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Re sharpened machine reamers

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Andrew Tinsley12/12/2020 19:50:29
1335 forum posts

I have been given a dozen or so 2MT machine reamers. Most seem to have been resharpened. Approximately one inch of the end of the reamers have been reground, reducing the radius by 5 to 10 thou.

The unground flutes are reasonably sharp, the reground length is very sharp. How would one use these reamers? Presumably one would use only the first inch of the reground part of the reamer?

I am unfamiliar with the professional use of such regrinds, so any info would be most welcome.

As an aside, how would you measure the diameters of the reamers, some of which don't have any size marking? A caliper across the maximum diameter? Seems a bit hit and miss when tried.

Thanks all,

Andrew.

old mart12/12/2020 20:14:13
2829 forum posts
178 photos

I don't know how a resharpened reamer would work. I suppose you could use a test piece and then measure the reamed holes and then mark the sizes on the reamers for future reference. Be careful measuring reamers, I would rather use a carbide tipped micrometer than risk the softer jaws of calipers, unless they were cheap ones. Even so, the reamed hole is likely to be slightly different to the measured size. I did a lot of reaming during my job as a fitter with aircraft components and there are ways of getting a reamer to produce different size holes. Lots of cutting oil will cut a smaller hole than a light lube from an oily rag. Most people will get a bellmouthed hole with a hand reamer.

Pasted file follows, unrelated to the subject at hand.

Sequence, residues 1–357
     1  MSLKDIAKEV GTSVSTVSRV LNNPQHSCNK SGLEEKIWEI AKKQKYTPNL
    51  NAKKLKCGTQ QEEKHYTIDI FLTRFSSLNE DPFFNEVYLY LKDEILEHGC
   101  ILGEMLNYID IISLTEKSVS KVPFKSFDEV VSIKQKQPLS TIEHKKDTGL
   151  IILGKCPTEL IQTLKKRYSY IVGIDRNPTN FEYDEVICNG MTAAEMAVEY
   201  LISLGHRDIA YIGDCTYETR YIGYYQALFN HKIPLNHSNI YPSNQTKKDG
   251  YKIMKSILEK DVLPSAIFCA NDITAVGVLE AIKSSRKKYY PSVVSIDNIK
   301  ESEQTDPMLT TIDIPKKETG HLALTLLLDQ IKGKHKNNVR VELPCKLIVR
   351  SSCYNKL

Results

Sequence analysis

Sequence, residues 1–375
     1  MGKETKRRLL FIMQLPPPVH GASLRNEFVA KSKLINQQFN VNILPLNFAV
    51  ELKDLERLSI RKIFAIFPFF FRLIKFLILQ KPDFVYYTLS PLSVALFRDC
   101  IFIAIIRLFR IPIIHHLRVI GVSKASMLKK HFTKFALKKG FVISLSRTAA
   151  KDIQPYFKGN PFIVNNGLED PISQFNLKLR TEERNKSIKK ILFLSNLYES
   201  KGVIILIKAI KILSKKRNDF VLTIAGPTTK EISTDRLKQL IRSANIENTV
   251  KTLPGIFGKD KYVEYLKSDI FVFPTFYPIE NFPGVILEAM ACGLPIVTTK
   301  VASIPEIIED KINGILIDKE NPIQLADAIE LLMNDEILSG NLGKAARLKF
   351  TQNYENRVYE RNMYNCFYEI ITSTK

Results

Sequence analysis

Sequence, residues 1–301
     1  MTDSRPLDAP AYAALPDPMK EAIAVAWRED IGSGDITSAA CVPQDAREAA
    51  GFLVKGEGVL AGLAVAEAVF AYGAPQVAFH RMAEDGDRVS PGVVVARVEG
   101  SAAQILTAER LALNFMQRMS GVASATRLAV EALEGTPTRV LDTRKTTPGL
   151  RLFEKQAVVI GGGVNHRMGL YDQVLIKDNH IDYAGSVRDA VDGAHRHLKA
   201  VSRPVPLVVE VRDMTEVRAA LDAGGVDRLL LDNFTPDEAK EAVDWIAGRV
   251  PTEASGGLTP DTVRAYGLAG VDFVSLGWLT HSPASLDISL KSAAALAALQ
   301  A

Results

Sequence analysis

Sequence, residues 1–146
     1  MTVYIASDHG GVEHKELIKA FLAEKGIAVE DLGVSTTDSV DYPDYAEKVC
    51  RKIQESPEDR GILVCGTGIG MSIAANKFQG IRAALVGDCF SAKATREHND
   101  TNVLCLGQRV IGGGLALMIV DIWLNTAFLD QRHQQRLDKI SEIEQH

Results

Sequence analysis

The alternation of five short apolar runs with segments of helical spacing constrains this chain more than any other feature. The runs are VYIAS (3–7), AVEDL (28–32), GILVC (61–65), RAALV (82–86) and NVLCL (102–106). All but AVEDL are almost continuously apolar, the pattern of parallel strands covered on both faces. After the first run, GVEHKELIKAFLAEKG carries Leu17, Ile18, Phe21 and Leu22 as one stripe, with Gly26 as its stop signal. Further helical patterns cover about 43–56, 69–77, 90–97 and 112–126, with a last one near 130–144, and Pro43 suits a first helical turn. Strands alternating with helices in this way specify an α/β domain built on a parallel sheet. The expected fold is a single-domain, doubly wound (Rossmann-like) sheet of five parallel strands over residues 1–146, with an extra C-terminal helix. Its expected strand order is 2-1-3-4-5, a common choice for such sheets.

Andrew Johnston12/12/2020 20:14:57
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5969 forum posts
667 photos

If they really are machine reamers then they're probbly scrap. A machine reamer cuts, and is sharpened, only on the bevelled angle at the end. The flutes are not sharpened. Given that they have been, either the reamers were being converted to specials, or the operator knew not what he was doing.

A V-shaped anvil micrometer would do for measurement, although the V angle required varies according to the number of flutes. Some reamers, like endmills, have non-uniform flute spacing in which case using a micromter gets complicated. Probably easier to ream a hole and measure that.

Andrew

Andrew Tinsley13/12/2020 10:28:25
1335 forum posts

Thanks both,